Zagra borders with Algarinejo and Loja and is very close to Iznájar. It is located at the foot of a high hill at the top of which you can still see the remains of an ancient castle from which you can get magnificent views. The town is of Spanish origin and its name comes from the word ‘sajra’ meaning rock or pit.
The main economic driver is agriculture, particularly olive production.
In of Zagra numerous objects dating back to the Prehistoric and Roman period have been discovered. Flint arrowheads, Neolithic axes, pottery fragments and coins have been found in ancient graves. The origin of the town and its castle is Arabic.
After the Reconquista, the castle was given to a Castilian warden who tried in vain to gain dominion of the surrounding land. Having previously been under the direct control of the sultan, without any proper jurisdiction, the lands were divided among the Spanish settlers who settled in the village.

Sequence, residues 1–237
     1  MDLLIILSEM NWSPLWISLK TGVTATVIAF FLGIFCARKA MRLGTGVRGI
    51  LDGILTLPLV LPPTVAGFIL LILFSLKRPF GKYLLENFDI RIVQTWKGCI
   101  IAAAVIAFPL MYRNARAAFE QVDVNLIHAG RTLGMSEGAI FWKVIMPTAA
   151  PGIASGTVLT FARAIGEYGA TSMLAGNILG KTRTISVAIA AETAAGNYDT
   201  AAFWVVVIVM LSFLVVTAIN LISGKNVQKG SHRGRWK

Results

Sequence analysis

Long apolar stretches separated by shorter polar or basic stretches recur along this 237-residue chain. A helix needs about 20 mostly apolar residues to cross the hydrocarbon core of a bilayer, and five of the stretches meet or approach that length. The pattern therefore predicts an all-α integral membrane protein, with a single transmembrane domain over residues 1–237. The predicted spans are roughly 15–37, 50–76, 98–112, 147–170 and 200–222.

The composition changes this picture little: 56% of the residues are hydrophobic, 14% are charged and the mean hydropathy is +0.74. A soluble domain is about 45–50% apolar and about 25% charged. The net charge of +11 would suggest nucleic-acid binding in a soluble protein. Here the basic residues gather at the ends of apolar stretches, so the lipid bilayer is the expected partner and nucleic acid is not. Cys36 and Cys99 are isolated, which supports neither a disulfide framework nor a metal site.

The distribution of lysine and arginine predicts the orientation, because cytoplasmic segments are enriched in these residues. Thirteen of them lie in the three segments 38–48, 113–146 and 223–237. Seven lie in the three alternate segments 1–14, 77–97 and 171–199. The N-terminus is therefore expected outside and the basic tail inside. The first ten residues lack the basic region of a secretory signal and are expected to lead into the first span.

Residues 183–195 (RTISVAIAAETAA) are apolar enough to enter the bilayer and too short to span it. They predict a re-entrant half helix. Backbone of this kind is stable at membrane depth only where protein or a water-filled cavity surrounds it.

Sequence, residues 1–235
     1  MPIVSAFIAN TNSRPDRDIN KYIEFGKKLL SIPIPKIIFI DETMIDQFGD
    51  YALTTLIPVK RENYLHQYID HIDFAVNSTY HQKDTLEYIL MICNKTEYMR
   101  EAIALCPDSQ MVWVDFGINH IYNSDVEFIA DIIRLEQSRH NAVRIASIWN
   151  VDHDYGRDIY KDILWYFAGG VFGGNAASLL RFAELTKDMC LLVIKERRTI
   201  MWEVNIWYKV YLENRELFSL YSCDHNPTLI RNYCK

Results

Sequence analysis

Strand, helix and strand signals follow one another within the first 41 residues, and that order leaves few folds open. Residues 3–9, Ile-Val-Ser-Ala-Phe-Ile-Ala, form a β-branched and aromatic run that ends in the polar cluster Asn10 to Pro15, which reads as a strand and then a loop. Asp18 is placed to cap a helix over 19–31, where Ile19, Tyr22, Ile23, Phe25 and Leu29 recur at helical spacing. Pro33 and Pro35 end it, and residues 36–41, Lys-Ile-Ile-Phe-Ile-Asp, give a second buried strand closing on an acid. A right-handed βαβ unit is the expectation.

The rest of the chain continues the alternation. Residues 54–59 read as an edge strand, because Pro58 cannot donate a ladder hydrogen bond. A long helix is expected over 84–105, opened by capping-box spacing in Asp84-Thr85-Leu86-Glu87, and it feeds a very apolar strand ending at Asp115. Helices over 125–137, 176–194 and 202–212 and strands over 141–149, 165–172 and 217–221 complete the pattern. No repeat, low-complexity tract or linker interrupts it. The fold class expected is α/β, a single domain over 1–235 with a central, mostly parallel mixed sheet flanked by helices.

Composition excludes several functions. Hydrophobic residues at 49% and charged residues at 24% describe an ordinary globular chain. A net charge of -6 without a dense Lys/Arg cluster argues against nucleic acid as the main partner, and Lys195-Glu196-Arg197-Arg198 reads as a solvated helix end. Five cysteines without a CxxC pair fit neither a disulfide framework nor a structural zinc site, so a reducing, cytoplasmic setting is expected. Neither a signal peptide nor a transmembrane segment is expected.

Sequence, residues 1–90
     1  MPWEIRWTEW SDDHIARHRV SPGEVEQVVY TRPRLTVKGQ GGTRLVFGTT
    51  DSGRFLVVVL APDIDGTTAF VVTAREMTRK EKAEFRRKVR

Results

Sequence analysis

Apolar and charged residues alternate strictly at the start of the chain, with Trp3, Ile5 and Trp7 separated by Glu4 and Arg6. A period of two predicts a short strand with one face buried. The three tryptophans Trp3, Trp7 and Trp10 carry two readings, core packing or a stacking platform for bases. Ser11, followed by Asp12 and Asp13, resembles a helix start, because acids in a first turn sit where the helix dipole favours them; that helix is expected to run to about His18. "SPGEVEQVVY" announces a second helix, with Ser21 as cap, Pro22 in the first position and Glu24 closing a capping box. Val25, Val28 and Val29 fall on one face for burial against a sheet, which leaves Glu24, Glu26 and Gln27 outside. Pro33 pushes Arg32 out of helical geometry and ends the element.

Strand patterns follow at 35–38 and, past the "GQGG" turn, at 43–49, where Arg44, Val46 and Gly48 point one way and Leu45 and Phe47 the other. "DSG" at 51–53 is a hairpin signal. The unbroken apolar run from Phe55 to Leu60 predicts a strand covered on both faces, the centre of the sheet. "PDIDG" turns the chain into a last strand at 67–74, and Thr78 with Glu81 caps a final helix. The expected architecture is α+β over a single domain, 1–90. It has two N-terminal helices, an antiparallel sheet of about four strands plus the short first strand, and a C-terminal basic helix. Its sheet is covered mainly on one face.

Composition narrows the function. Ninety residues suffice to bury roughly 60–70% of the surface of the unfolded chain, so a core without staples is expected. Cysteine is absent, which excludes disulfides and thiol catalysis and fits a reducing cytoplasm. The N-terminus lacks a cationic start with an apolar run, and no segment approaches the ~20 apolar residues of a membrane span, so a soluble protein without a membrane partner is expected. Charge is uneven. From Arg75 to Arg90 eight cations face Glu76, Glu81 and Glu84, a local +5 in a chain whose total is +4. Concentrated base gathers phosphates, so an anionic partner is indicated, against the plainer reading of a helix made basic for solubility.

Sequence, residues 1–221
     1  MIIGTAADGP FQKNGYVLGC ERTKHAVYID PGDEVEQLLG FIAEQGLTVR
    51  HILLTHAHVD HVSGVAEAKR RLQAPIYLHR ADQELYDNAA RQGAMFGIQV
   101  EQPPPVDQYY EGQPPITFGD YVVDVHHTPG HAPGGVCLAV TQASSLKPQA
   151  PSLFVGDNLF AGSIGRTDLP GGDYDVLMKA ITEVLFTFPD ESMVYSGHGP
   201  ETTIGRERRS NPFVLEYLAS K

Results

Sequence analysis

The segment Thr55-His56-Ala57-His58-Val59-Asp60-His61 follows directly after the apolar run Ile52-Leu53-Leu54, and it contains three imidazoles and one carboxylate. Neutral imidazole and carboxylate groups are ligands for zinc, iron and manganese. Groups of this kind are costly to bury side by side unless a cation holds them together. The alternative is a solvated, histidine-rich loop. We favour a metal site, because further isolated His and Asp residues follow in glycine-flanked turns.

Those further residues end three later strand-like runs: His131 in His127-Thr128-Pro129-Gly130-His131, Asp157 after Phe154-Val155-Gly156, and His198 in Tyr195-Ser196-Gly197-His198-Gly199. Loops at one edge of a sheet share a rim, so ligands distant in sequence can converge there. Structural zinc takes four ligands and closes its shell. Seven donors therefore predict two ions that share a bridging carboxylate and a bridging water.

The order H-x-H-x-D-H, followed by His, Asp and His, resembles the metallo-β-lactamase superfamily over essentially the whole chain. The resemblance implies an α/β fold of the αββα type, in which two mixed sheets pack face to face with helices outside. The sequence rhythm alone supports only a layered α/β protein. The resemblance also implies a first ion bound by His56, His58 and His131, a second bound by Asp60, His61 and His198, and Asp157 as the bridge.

For centuries it fell under the jurisdiction of Loja. In 1982 when it got its municipal independence.
In Zagra many olives are grown and in neighbouring Iznájar there is a great fishing traditions so its no surprise that both of these ingredients are used in local dishes. Local cuisine has also been influenced by the neighbouring province of Malaga. Choto stew and homemade sausages are popular here as is Sobrehúsa and Porra.
Rosquetes, doughnuts, Roscos de viento, Borrachuelos and Piñonate are desserts worth trying.